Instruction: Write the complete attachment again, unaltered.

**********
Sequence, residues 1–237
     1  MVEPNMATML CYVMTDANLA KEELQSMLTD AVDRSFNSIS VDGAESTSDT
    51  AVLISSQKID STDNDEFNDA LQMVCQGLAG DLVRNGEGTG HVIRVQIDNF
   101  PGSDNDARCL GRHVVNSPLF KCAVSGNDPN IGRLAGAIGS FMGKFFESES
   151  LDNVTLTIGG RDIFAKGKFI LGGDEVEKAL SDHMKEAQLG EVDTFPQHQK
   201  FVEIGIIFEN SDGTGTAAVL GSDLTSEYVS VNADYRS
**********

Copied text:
Sequence, residues 1–237
     1  MVEPNMATML CYVMTDANLA KEELQSMLTD AVDRSFNSIS VDGAESTSDT
    51  AVLISSQKID STDNDEFNDA LQMVCQGLAG DLVRNGEGTG HVIRVQIDNF
   101  PGSDNDARCL GRHVVNSPLF KCAVSGNDPN IGRLAGAIGS FMGKFFESES
   151  LDNVTLTIGG RDIFAKGKFI LGGDEVEKAL SDHMKEAQLG EVDTFPQHQK
   201  FVEIGIIFEN SDGTGTAAVL GSDLTSEYVS VNADYRS